Weinstein’s GSD program, is a joint venture of Connecticut Children’s and UConn Health. Connecticut Children’s multidisciplinary team provides comprehensive clinical care to patients while UConn School of Medicine is home to the program’s research laboratories. This GSD Program is the largest in the world for the care and treatment of this condition.  Patients with this condition travel to Connecticut Children’s from 49 states and 48 countries for care.

About Connecticut Children’s Medical Center

Connecticut Children’s Medical Center is the only hospital in Connecticut dedicated exclusively to the care of children and is ranked by U.S. News & World Report and Women’s Choice as one of the best children’s hospitals in the nation. With a medical staff of more than 1,000, Connecticut Children’s provides comprehensive, world-class health care in more than 30 pediatric specialties and subspecialties. Connecticut Children’s Medical Center is a not-for-profit organization, which serves as the primary pediatric teaching hospital for the UConn School of Medicine, has a teaching partnership with the Frank H. Netter MD School of Medicine at Quinnipiac University and is a research partner of The Jackson Laboratory. Connecticut Children’s Office for Community Child Health is a national leader in community-based prevention and wellness programs.

About UConn Health

UConn Health is Connecticut’s only public academic medical center. Based on a 206-acre campus in Farmington, UConn Health has a three-part mission: research, teaching and patient care. Home to the UConn School of Medicine, School of Dental Medicine and UConn John Dempsey Hospital with over 5,600 employees supporting nearly 1,000 students, over 650,000 annual patient visits, and innovative scientific research contributing to the advancement of medicine. For more information, visit health.uconn.edu.

 

World’s First Gene Therapy Clinical Trial for Glycogen Storage Disease Approved by FDA

April 26, 2018

Media Contacts:

Monica Buchanan, Director of Corporate Communications, Connecticut Children’s Medical Center
(352) 219-0860

Lauren Woods, Health Information Officer, UConn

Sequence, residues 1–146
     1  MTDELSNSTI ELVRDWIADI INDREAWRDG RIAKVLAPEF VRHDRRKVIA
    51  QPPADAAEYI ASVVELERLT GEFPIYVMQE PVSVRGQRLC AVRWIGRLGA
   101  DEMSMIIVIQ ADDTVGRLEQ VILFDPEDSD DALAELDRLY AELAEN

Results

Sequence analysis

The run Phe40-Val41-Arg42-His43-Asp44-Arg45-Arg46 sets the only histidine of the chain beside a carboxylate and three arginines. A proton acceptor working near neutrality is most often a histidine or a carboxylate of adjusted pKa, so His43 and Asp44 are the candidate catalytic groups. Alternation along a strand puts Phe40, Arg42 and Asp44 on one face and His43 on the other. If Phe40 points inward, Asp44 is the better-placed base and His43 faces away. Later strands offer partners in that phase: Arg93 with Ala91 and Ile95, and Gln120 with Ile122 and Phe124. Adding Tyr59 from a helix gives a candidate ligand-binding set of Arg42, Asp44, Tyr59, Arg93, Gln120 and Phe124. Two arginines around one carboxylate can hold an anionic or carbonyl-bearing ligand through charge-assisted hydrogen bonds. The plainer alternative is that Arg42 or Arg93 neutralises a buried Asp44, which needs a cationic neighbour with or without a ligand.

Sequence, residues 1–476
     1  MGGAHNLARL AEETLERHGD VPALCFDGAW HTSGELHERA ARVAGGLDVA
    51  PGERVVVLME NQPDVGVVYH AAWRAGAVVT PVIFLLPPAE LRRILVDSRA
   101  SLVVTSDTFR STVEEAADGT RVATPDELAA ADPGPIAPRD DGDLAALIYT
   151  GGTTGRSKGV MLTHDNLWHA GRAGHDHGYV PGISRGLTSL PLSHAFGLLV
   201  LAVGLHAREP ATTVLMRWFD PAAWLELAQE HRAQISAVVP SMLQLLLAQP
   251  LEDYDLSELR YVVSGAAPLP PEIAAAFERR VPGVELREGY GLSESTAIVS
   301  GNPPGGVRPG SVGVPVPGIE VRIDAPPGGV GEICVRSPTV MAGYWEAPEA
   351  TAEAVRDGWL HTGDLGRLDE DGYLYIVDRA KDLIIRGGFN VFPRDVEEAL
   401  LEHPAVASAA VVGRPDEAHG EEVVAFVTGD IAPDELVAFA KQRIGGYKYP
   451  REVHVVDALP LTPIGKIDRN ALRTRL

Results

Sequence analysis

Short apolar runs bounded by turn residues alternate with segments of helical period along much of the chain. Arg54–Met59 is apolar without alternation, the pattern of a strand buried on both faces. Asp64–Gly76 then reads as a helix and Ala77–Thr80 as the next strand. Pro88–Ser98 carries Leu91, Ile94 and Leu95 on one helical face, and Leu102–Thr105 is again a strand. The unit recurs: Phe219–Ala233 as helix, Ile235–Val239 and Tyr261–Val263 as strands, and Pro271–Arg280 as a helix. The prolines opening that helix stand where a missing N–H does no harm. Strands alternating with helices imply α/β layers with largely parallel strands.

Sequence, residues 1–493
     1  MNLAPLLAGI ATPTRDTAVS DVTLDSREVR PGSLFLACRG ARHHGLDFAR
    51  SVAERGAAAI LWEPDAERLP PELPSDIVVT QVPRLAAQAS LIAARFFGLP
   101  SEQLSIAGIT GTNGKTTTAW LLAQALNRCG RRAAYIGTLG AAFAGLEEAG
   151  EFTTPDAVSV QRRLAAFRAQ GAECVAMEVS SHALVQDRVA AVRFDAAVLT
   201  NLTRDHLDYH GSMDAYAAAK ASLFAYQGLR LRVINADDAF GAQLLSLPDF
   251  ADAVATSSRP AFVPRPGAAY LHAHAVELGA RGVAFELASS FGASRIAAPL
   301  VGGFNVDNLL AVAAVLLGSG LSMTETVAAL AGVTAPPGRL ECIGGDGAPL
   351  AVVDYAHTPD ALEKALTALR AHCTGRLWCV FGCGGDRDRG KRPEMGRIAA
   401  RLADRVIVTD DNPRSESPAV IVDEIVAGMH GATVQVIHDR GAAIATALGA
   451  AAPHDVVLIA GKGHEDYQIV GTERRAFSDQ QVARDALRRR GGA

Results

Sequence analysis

(860) 679-2139

Dr. Weinstein in GSD clinic
David Weinstein, MD, MMSc

Hartford, Conn—This week, the U.S. Food and Drug Administration approved the world’s first gene therapy clinical trial for Glycogen Storage Disease (GSD).  This ground breaking clinical trial focusing on GSD Type Ia will be hosted by the GSD Program at Connecticut Children’s Medical Center and UConn Health under the direction of leading pediatric endocrinologist and scientist David Weinstein, MD, MMSc.

Patient clinical trials of Weinstein’s gene therapy are expected to start this year in conjunction with the biopharmaceutical company Ultragenyx based in Novato, California. Connecticut Children’s and UConn Health will coordinate the trials with collaborating centers all over the world. Enrollment in the Phase 1/2 study is expected to begin as soon as next month, with data from the first cohort expected later this year.

GSD is a rare genetic childhood disorder with various forms (types 0, Ia, Ib, III, VI, IX, and XI) that impacts the liver’s storage and release of sugar. It affects one out of every 100,000 people. Healthy livers store excess sugar from food for our body’s future energy needs and release it into our bloodstream when we need it as processed sugar enzymes known as glycogen. However, in GSD, the liver fails to breakdown glycogen into glucose causing the body’s blood sugar levels to drop dangerously low, which can lead to seizure or death unless there is a constant intake of glucose in the form of cornstarch. Currently, there are no approved pharmacological therapies.